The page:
A journey.

He walked me home tonight. Not exactly home, but then the entrance to Thamel has always been home to me. And on the way, the moment we passed Indra Chowk and its going-to-be-closed shops, he excitedly told me this was the place where he grew up.

These were the roads he first stepped on, the area where he first went to buy pau with ek suka. There was a twinkle in his eyes that I couldn’t miss. Although, I too had been walking these very road since I was a kid, although, this too was in some way a home to me; I knew what he felt about the road from Indra Chowk to Ason, with Janbahal and Balkumari inbetween was totally different from what I felt. I just passed those areas, he grew up playing in them.

“Do you wanna go and see my house?” he asked suddenly.
“Sure,” I was excited.
“Do you know which is my favorite home?” I asked him.
“Of course. Right there, that.” he said.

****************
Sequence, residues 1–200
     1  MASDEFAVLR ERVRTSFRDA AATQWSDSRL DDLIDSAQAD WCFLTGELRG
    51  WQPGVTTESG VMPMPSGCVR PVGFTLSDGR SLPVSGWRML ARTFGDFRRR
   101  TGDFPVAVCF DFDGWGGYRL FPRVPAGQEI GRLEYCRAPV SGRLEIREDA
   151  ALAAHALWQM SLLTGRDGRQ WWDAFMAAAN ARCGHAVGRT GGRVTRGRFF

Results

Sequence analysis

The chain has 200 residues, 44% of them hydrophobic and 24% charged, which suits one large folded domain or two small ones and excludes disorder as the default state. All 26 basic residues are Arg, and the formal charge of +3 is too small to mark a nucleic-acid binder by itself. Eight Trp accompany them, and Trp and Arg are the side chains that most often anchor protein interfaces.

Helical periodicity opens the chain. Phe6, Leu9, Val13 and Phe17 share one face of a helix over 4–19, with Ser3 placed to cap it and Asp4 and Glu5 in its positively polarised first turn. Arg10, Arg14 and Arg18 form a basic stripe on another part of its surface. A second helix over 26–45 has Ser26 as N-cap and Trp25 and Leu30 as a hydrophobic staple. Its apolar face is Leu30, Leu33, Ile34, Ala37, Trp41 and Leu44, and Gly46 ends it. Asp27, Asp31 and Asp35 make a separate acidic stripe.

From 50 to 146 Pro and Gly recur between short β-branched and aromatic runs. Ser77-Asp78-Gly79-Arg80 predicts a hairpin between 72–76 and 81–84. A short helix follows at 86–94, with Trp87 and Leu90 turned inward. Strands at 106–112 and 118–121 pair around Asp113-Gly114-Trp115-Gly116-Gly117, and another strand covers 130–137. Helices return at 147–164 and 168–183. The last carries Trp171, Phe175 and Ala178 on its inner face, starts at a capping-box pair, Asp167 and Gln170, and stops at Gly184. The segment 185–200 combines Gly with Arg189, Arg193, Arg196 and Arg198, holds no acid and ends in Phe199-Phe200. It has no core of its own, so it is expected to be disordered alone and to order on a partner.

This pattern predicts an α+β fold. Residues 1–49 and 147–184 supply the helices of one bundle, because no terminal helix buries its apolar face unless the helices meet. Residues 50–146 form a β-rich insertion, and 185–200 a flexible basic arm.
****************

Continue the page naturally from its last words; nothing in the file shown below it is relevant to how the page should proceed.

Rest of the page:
We took the small
galli behind the temple in front of my favorite home. Right on the small door, he was stopped by an elderly woman. “Babu, you are home?” she asked. “Well, technically.” “Are you sleeping here?” “No, have to go back. I just wanted to check the house.”

We entered the galli and turned around the corner. “Kaka, are you alright?” he asked a shopkeeper. “Oho, babu. Yes I am. How have you been? Are you going to spend your night here tonight?” “No kaka, I have to go back.”

I could see his smile getting wider each time we encountered someone he knew on the way. They would exchange greetings and he would be asked the same thing. Someone would ask him about his family, someother wondered when they were coming back. After few steps, he showed me a big white washed house with tiled roof and perfectly crafted windows. But the house was dead. With windows shut and no one living in, it felt as if the soul of the house has been lost.

“That’s my house man.” he broke the silence. “That’s where I grew up as a kid with 32 members.” The smile that had been there the moment we stepped on the streets of Janabahal was long gone. A sadness had replaced it. “This was the house that used to be the brightest in this chowk. This was the noisiest house in the tole. Now, it’s dead. It’s the darkest one and it’s the quietest one.”

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